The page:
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Surfaces

Notes

From 06/16/2015 through 8/16/2012

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Notes

2. “There are varying ways to make coatings that exhibit superhydrophilicity water/air contact angles in which the angles are essentially zero. Superhydrophilic surfaces exhibit perfect wetting when the surfaces are immersed such that essentially no air bubbles will form on such surfaces when the surfaces are immersed. If drops of water are placed on a surface, the drops will immediately flatten out to coat the surface evenly with water. This effect is the exact opposite of superhydrophobicity.

Superhydrophobicity has the requirement of a hydrophobic surface with a special geometry/roughness that forms a very thin layer of trapped air on the surface. This is opposite of what is preferred because air layers are very good sound reflectors/scatterors. Instead, it is preferred to have a superhydrophilic surface in which the water is in intimate contact with the surface so that there are no trapped air bubbles to interfere with the acoustic sensing. To make a superhydrophilic surface, the surface roughness is not critical; but to make a superhydrophobic surface then the correct degree of surface roughness is crucial.”

[Surface Wetting, US Patent 8,518,495 (8/27/2013)]

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1. “In mathematics, specifically in topology, a surface is a two-dimensional topological manifold. The most familiar examples are those that arise as the boundaries of solid objects in ordinary three-dimensional Euclidean space R3 — for example, the surface of a ball. On the other hand, there are surfaces, such as the Klein bottle, that cannot be embedded in three-dimensional Euclidean space without introducing singularities or self-intersections.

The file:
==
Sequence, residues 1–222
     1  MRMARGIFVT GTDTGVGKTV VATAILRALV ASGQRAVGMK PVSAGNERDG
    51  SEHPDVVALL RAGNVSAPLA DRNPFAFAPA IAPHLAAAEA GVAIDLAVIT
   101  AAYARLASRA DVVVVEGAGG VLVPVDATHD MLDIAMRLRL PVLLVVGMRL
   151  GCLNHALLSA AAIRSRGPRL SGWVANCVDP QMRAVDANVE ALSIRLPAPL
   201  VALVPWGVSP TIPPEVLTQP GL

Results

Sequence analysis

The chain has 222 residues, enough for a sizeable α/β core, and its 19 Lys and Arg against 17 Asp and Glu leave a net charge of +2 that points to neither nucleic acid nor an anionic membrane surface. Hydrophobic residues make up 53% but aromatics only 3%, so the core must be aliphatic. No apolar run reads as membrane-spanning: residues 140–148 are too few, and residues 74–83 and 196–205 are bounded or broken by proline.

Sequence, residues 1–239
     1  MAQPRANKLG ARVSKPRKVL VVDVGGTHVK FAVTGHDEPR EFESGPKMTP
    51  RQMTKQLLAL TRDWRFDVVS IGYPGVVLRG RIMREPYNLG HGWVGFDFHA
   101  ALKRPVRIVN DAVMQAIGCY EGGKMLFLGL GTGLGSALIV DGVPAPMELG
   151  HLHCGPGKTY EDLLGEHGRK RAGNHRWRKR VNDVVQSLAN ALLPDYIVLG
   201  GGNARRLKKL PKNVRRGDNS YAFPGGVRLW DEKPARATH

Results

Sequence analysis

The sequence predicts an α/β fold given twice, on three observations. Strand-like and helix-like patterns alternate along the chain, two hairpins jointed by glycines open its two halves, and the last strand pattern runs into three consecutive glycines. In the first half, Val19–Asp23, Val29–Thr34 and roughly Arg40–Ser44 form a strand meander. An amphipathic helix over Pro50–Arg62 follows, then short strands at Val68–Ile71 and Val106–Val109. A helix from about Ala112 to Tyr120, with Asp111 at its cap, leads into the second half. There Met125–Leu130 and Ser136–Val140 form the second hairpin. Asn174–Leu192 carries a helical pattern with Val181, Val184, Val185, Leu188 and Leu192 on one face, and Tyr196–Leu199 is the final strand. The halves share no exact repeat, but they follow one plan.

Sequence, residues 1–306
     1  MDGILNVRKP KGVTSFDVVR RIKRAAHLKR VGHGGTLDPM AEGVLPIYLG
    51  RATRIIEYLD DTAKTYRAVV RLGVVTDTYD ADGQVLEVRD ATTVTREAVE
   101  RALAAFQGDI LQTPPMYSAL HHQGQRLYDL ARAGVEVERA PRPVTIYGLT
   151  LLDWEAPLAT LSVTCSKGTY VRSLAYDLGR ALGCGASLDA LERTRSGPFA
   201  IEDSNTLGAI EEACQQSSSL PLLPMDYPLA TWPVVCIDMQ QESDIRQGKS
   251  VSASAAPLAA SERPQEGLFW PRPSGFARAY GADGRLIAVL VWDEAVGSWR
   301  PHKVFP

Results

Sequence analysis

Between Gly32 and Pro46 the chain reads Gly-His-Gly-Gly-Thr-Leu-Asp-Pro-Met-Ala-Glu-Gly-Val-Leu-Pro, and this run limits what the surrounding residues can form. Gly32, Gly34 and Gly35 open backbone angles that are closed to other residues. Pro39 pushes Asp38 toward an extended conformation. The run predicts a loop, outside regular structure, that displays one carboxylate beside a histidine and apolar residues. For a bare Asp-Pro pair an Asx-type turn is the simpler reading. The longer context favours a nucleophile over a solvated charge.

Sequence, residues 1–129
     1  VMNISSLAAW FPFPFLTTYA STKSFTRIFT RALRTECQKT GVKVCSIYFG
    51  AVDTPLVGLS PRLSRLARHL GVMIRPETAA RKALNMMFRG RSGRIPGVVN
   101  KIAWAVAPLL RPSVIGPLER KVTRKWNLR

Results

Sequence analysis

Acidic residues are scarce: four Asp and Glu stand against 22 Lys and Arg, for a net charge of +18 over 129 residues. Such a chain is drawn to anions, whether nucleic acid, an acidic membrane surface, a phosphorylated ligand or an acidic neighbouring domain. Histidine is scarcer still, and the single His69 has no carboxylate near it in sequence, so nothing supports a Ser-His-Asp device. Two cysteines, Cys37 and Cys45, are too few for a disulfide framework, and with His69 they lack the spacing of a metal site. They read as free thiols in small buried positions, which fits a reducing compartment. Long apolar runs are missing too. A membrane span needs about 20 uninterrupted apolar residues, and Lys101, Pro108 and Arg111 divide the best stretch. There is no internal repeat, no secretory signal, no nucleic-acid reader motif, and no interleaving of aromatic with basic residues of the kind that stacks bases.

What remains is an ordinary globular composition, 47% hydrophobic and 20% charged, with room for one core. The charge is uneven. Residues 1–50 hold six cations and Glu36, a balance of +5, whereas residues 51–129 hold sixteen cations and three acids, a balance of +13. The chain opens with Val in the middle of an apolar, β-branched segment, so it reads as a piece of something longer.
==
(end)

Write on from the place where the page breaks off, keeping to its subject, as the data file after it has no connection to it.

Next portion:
To say that a surface is "two-dimensional" means that, about each point, there is a coordinate patch on which a two-dimensional coordinate system is defined. For example, the surface of the Earth is (ideally) a two-dimensional sphere, and latitude and longitude provide two-dimensional coordinates on it (except at the poles and along the 180th meridian).

The concept of surface finds application in physics, engineering, computer graphics, and many other disciplines, primarily in representing the surfaces of physical objects. For example, in analyzing the aerodynamic properties of an airplane, the central consideration is the flow of air along its surface.”

(Wikipedia, Surfaces, 8/16/2012)

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Interested!!
Bookmark this page to follow future developments!.
(RDC 6/5/2012)

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Roger D. Corneliussen
Editor
www.maropolymeronline.com

Maro Polymer Links
Tel: 610 363 9920
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E-Mail: cornelrd@bee.net  

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Copyright 2012 by Roger D. Corneliussen.
No part of this transmission is to be duplicated in any manner or forwarded by electronic mail without the express written permission of Roger D. Corneliussen
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* Date of latest addition; date of first entry is 8/16/2012.